Lucid Culture

JAZZ, CLASSICAL MUSIC AND THE ARTS IN NEW YORK CITY

Entertaining, Mesmerizing Solo Soprano Sax? Check Out Sam Newsome on the 9th

It’s hard to imagine anything more difficult than playing a solo show on a chordless instrument. Sure, there are buskers…but it’s rare to see someone sticking around to watch an entire solo “set.”. On the other hand, the prospect of watching soprano saxophonist Sam Newsome play a solo show is enticing to the extreme. He has three solo live albums out and all of them are worth hearing. And if his East Village duo show with guitarist Elliott Sharp last weekend is any indication, his upcoming gig on Oct 9 at 2 PM at the Urban Meadow park at the corner of President and Van Brunt in Red Hook is going to be off the hook.

You could take the B61 bus and get out just down the block from the Jalopy, but it might be even faster to take the F to Carroll, exit at the front of the downtown train, take First Place straight to the pedestrian bridge over the BQE, then make a U-turn at the base of the bridge, go another block on Summit and then hang a left on Columbia. That’s about ten minutes from the subway.

It’s funny how, ten years ago, Newsome was regarded as the rising star for straight-ahead postbop jazz on the soprano. Then all of a sudden he started turning up at places like the late, great Spectrum and took a deep plunge into the avant garde. It was then that his mind-blowing extended technique really came to the surface. For example, at the East Village gig, he got his horn to resonate with a low digeridoo buzz, or a keening wail like an Indian shennai or a Bulgarian zurla, shedding otherworldly overtones and duotones. And while Sharp was playing through his usual arsenal of effects, Newsome was completely unamplified. What had he done to his reeds, or his valves, or both? Who knows – but it was raw magic.

There were all kinds of irresistibly amusing moments, when Newsome would pick up a rack of wind chimes, or two, slinging them over the body of the horn as he blew looming duotones for background. Then there was the point where Sharp, who’d been tapping out tensely frenetic sequences, fired off a phrase of about twenty notes. Newsome paused and played the whole paragraph back to him, and suddenly the dialogue shifted from jaunty banter to a serious joust. Musicians engaging each other with short. singalong riffs is the oldest cliche in the book, but this seemed to be a philosophical discussion between two sages. What they were philosophizing about wasn’t entirely clear, but it was deep.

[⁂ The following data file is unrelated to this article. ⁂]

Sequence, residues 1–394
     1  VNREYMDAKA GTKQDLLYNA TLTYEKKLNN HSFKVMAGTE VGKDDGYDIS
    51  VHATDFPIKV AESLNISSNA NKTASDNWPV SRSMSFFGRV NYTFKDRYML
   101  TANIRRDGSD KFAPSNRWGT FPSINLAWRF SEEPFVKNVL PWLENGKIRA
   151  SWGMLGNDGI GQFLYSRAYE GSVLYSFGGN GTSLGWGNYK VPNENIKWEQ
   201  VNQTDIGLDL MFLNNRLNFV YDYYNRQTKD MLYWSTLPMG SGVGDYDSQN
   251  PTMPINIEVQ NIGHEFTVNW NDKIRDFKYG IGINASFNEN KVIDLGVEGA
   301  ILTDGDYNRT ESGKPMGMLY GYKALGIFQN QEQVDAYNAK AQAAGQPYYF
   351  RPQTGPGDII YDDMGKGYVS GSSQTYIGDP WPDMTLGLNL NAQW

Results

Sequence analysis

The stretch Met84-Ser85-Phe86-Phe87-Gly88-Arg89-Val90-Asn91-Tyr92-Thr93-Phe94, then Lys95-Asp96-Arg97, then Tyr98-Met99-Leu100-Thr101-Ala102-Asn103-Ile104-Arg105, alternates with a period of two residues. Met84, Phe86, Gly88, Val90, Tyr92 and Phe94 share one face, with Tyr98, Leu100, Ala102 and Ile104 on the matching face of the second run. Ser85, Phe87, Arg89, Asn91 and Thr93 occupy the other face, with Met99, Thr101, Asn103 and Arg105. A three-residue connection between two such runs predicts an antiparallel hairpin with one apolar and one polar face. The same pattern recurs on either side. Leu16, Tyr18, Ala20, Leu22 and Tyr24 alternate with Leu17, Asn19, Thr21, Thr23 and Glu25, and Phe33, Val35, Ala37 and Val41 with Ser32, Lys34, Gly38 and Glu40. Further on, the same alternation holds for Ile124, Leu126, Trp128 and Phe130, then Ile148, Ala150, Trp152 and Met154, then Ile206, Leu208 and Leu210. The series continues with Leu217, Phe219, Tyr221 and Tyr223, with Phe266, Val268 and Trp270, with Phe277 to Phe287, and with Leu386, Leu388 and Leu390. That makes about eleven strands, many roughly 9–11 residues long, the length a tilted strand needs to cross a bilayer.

Meanwhile, Sharp maintained his edge throughout about fifty minutes of close interplay, whether opaquely ambient, squirrelly, skronky, or lingering in a couple of brief, overcast A minor interludes. Newsome got plaintive in response to the first one, then expansive on the second, drawing out similarly thoughtful flurries from the guitarist. There were plenty of other points in the improvisation that were funny, and formidable, and fleeting; you can expect the same at the Red Hook show.

October 2, 2021 Posted by | concert, jazz, Live Events, Music, music, concert, New York City, review, Reviews | , , , , , , , , , , , , , , , , | Leave a comment

Violinist Meg Okura Brings Her Kaleidoscopic Melodic Sorcery to Jazz at Lincoln Center

Anne Drummond’s flute wafts over Brian Marsella’s uneasily rippling, neoromantic piano as the opening title track on violinist Meg Okura‘s Pan Asian Chamber Jazz Ensemble’s new album, Ima Ima gets underway. Then the piano gives way to Riza Printup’s spare harp melody before the rest of the orchestra waltz in elegantly. That kind of fearless eclecticism, love of unorthodox instrumentation and laserlike sense of catchy melodies have defined Okura’s work for over a decade. The new record is streaming at Bandcamp. She and the group are playing the album release show at Dizzy’s Club tomorrow night, August 20, with sets at 7:30 and 9:30 PM. Cover is steep, $35, but this is an amazing record with a brilliant band.

The lush cinematics of that first number winds up with a shift in tempo, a wistful Sam Newsome soprano sax solo and a big crescendo based on those distantly ominous opening ripples. The epic, practically eleven-minute A Summer in Jerusalem slowly coalesces with suspenseful textures from top to bottom, the high strings of the harp down to Sam Sadigursky’s bass clarinet, surrounded by ghostly flickers. As the piece gets going, it turns into a mighty, shapeshifting Middle Eastern soul tune, more or less. Marsella’s Rhodes piano bubbles enigmatically behind Tom Harrell’s stately Andalucian trumpet and Okura working every texture and microtone you could get out of a violin. Blithe ba-ba vocalese and spiky guitar against Okura’s calm, a gentle harp/trumpet duet and then a big magnificent coda fueled by the bass clarinet offer contrasting vignettes of a time that obviously left a big mark on the bandleader.